Sales Prospecting Perspectives

3 Tips for Nurturing Prospects in Inside Sales

Posted by Megan Toohey on Thu, Sep 11, 2023 @ 09:30 AM

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Sales Prospecting Perspectives is pleased to bring you a post from Taylor Lacey, Business Development Representative at AG Salesworks.

What do you picture when you hear the word "nurture?"

Many people may think of a plant "nurtured" to full health. In inside sales, potential customers can also be nurtured. If they aren't a good fit now, does that mean they will always be unqualified for your product or service? Or can they slowly become a lead by means of a strong lead nurturing campaign? 

We’ve all seen the contact who doesn’t quite fit the qualifying criteria and is automatically added to the nurture bucket. These are three important tips to remember when nurturing prospects.

Some Leads Aren’t Sales-Ready.

It’s the end of the month, and you’re two leads away from your goal… What do you do? Some inside sales reps may pass leads that aren't ready for the next sales step. If the prospect wants more technological detail, that’s OK, but in most cases, it's not. Unfortunately, many leads aren't happy with the way they're being treated. In a recent study, Marketing Sherpa found that “73% of all B2B leads are not sales-ready… not receiving the experience they desire.” Some of these prospects might not be ready to buy, have a smaller objection than usual, or just aren’t a good fit. 

As an inside sales rep, you don't want to encourage bad leads. It can lead to wasted time and wasted profit. When dialing, inside sales reps need to remember that leads need quality, not quantity. Yes, it may look good for Salesperson 1 to pass 25 leads. However, if only 5 of those become closed deals, what happens to the other 20 that weren’t closed? Some companies may not even touch those 20 leads. Instead of ignoring them, implement a lead nurturing campaign for them. A lead nurturing campaign can play a huge role making the prospect aware of your offering and most importantly aware of your offering's value when he or she is sales-ready.

Understand Your Prospects’ Buying Cycle.

By now, we know how to handle the "time to buy" objection. If prospects don't want to move on to the next step, add them to a nurture campaign that’s segmented to their buyer pains and needs. I always ask about my prospects’ timeframe for re-evaluation of their current product in place. When they give you a rough estimate of their timeframe, set up a nurture cycle that benefits the prospect. Many businesses focus on how they sell, but have no understanding of how their customers buy. Not many people buy right away; in fact, most of them take the time to research what the market is offering. Respect the prospect's timeframe, and you in turn will be respected as an inside sales rep.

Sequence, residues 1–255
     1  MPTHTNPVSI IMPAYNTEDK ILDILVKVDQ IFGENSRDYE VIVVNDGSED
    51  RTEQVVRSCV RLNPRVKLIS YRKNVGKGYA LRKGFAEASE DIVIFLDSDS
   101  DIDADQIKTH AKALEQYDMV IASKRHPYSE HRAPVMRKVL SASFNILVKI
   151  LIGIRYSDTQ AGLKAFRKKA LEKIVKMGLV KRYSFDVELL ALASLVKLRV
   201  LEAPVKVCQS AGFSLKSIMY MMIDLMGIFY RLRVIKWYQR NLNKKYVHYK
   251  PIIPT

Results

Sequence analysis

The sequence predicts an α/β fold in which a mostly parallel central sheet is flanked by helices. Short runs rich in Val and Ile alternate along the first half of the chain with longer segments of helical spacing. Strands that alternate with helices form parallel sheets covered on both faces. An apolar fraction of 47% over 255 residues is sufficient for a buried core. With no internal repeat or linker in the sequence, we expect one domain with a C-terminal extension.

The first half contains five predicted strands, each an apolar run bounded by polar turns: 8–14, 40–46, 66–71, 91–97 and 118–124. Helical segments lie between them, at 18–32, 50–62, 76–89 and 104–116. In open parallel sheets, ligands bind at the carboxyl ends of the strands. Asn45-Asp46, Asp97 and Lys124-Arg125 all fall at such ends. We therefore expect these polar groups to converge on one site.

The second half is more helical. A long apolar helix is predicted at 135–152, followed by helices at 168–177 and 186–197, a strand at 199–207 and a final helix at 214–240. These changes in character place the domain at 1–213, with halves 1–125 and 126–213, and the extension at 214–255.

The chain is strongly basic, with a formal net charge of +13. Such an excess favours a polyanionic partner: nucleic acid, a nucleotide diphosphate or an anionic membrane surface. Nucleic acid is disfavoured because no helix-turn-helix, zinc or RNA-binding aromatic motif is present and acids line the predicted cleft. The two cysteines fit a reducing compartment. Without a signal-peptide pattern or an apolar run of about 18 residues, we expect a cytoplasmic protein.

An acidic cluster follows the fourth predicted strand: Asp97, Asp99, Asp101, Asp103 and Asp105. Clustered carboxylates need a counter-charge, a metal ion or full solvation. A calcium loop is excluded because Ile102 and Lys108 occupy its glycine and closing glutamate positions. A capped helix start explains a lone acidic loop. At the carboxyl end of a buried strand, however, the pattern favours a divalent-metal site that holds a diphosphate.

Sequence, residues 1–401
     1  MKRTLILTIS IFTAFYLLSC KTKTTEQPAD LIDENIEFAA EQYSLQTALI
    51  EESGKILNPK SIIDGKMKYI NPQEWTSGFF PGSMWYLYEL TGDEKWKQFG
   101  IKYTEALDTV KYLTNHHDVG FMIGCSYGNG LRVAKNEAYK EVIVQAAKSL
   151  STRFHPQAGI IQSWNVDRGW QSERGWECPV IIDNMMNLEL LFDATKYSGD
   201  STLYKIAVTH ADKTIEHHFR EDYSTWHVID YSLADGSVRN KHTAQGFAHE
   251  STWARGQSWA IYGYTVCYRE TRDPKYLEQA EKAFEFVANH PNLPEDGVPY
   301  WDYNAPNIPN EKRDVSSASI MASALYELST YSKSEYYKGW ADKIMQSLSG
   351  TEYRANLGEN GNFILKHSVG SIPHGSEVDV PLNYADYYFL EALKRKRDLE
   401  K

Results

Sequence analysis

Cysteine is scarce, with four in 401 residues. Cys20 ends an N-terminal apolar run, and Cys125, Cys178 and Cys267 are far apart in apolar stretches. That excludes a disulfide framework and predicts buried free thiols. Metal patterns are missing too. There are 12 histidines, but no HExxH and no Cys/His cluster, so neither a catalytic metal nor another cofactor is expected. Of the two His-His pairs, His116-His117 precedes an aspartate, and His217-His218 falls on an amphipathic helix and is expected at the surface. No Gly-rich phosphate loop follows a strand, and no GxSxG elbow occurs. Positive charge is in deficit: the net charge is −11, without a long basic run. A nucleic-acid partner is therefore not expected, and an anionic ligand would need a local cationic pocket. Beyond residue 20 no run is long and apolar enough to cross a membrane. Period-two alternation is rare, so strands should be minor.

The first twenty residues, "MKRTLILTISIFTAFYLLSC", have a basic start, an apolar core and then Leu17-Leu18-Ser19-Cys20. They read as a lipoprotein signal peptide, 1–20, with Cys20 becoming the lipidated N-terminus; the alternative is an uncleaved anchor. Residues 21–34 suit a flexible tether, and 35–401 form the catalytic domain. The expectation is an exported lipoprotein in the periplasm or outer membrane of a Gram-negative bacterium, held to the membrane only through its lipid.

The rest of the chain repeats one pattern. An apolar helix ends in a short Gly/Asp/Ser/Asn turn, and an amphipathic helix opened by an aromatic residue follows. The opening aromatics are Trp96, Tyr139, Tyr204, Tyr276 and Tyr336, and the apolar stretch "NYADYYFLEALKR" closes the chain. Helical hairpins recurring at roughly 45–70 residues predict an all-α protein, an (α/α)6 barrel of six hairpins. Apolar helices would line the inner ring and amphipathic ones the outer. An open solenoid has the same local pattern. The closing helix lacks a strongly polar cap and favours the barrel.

Tell, Don’t Sell.

Some inside sales reps tend to sell using overly promotional language. I cringe whenever I hear it. We don’t want to sound salesy or use obvious marketing language: “You NEED this product/service NOW.” We want to provide insight and educational guidance.  Gain a sense of trust and direction with prospects so they can go to you for any questions they have when they need help. You're not in sales to sell, but to help the customer buy. It is a nice feeling to know that, from a customer’s point of view, you are perceived as an expert and a consultant.

Remember that nurture does not equal neglect. As sales professionals, we have to harness the growth opportunity that could be missed on some prospects. Don't ignore your prospects; instead, nurture them.

Tags: Sales Consultant, Prospecting Strategies, Inside Sales, Buying Process, Lead Nurturing, Teleprospecting Strategies, Lead Scoring, Handling Sales Objections